New national schools as good as original thirteen

New national schools as good as original thirteen
Minister of Education Fred Matiangi. Photo/File

Early last year, the Ministry of Education undertook to ensure that all 2017 Kenya Certificate of Primary Education (KCPE) examination candidates who scored 400 marks and above are admitted to any of the 103 national schools. It accordingly admitted all students with the marks into the schools as promised.

It also admitted others into these schools in the light of the sub-county quotas, equity and affirmative action that guide the ministry during placement of children in Form One. It is regrettable that some parents whose pupils performed well in the exams are fixated with the original 13 national schools and feel disappointed that their children were not admitted to any of these schools.

This is unfortunate. The 90 national schools the ministry created have comparable teaching and learning environment and capabilities as the old 13 national schools.

The ministry has made heavy investments in the schools thereby creating or replicating the desirable environment that that define national schools. These schools provide equally compelling teaching and learning experience that will help learners realise their dreams and aspirations.

The ministry expanded the national schools from 13 to 103 because the national system category of schools could not absorb the ever growing number of candidates who performed well.

The 90 schools the ministry upgraded to national status had their classrooms, hostels, laboratories, libraries, and teaching and non-teaching staff modernised and expanded to effectively provide a teaching and learning environment to the caliber of students they now admit. Suffice it to say that the new generation of national schools is as good as the old-generation.

Additionally, every school has optimum capacity. If you admit students into the institutions beyond its capacity, you hurt the quality of education an institution endeavours to preserve or improve on.

The ministry is also guided by the principle of equity in the selection of students who join Form One. Under the principle, the ministry ensures that placement in national schools by applying sub-county quotas, based on candidature strength and affirmative action.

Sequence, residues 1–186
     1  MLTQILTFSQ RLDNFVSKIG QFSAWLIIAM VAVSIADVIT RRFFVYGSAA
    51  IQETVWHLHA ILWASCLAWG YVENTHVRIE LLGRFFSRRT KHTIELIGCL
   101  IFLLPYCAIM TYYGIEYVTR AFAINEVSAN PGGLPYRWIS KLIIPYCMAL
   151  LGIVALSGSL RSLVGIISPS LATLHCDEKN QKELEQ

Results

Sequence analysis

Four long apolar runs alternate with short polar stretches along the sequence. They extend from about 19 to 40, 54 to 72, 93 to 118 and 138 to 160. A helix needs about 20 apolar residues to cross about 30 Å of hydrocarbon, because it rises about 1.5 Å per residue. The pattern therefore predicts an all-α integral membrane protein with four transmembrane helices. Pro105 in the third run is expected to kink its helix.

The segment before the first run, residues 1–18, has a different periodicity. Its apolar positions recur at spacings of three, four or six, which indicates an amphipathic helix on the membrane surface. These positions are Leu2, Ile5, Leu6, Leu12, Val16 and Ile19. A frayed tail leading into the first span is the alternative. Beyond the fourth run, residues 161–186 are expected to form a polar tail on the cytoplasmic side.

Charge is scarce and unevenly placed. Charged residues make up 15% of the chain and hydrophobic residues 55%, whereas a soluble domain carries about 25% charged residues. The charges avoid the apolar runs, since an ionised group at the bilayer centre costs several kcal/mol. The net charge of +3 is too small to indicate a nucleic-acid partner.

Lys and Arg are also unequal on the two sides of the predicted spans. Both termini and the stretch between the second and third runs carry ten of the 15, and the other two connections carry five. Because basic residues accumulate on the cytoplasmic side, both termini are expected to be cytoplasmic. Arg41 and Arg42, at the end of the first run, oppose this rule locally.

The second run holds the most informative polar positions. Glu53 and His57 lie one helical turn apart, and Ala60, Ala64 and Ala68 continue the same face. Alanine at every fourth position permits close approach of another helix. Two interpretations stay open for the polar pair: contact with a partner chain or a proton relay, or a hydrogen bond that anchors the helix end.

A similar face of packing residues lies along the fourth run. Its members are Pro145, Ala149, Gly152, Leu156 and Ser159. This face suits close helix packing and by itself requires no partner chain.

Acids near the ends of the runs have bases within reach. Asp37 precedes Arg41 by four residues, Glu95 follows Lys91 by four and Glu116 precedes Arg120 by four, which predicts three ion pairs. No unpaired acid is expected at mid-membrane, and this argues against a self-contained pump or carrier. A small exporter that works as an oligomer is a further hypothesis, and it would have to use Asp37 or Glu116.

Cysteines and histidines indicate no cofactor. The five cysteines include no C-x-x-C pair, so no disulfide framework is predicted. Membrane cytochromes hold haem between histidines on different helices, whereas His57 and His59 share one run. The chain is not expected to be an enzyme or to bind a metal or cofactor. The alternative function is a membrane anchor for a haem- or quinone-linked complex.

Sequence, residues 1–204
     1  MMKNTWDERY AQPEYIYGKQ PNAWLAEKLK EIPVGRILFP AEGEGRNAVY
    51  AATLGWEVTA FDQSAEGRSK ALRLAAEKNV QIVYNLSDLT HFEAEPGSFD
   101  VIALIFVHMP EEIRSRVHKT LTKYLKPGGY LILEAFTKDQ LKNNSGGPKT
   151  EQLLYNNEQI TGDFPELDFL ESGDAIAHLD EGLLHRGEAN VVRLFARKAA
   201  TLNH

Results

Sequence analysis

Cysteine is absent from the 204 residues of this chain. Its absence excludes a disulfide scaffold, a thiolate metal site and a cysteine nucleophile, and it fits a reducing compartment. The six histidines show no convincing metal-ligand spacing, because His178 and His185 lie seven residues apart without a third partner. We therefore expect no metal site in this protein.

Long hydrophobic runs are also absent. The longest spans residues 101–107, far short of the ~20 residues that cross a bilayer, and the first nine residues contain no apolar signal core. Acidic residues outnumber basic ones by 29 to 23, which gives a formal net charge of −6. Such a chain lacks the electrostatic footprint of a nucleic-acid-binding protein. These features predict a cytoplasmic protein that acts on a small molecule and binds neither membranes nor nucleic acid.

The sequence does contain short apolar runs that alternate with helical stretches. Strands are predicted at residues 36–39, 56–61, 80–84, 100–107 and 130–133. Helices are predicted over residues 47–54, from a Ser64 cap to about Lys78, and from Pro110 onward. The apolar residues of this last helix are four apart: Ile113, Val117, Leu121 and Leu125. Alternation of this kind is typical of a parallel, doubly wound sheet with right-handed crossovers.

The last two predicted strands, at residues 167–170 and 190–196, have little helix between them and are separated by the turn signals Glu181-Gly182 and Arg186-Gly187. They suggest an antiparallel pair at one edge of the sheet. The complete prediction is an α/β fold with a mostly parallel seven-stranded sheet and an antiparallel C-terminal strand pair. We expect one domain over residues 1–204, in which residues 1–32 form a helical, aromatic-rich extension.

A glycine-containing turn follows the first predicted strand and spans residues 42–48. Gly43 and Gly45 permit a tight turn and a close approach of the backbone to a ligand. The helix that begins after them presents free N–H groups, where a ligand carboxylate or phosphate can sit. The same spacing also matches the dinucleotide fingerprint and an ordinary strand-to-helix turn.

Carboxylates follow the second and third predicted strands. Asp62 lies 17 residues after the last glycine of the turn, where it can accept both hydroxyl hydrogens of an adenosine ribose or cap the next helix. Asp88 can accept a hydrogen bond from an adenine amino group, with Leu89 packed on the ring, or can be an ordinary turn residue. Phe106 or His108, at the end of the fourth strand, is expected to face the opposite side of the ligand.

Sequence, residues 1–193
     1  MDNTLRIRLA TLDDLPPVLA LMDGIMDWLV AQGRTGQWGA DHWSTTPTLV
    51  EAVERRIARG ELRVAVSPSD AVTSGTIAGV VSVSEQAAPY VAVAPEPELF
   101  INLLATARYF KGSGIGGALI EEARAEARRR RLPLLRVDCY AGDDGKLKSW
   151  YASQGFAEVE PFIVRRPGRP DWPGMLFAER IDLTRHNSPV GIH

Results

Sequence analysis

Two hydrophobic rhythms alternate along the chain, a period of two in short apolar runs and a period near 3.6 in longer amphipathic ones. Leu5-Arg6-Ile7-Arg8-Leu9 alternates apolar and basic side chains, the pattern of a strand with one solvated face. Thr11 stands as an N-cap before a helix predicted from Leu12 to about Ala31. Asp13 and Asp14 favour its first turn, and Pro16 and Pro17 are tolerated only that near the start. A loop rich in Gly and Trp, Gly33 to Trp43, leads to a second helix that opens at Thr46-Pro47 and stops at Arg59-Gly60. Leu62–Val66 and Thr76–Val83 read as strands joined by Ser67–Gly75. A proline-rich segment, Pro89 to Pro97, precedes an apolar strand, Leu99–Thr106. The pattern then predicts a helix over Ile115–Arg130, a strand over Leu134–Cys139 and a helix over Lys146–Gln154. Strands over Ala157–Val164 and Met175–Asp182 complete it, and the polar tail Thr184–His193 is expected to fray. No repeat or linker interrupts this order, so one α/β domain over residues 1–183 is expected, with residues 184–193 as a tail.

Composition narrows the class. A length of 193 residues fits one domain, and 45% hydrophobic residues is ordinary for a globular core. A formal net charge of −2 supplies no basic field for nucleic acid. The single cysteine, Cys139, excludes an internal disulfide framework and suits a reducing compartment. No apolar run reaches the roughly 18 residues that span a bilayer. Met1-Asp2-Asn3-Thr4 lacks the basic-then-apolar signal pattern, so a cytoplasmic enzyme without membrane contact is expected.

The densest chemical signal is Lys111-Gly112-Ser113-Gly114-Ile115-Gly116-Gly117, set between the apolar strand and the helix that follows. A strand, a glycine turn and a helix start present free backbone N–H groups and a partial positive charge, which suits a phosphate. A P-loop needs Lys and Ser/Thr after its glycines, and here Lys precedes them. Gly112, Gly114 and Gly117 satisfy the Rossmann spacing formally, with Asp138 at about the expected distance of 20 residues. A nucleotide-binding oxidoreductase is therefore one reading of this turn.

Every sub-county is entitled to a slot in a national school and by affirmative action, which is grounded in the Constitution; students from marginalised and minority groups/areas are given a chance to join national schools.

Merit and performance is still the guiding principle in the selection decisions but in respect to the sub-county quotas and affirmative action. If we do away with these guidelines, we end up locking out an entire generation of children from many counties and regions from the national schools and incidentally, from the extra-county secondary school system.

The resulting admission into national schools and other categories of schools is likely to be unjust, and inequitable. We would end up admitting students into national, extra and county schools from an elite social strata.

This is not good for harmonious society and national cohesion. Public secondary schools especially so national school system are a national asset or institutions which enjoy support from the exchequer.

The government is obliged to ensure every child, regardless of class, gender, and the primary school or region he/she got her primary school education, accesses quality and relevant education. —The writer is the communications officer, Ministry of Education —[email protected]

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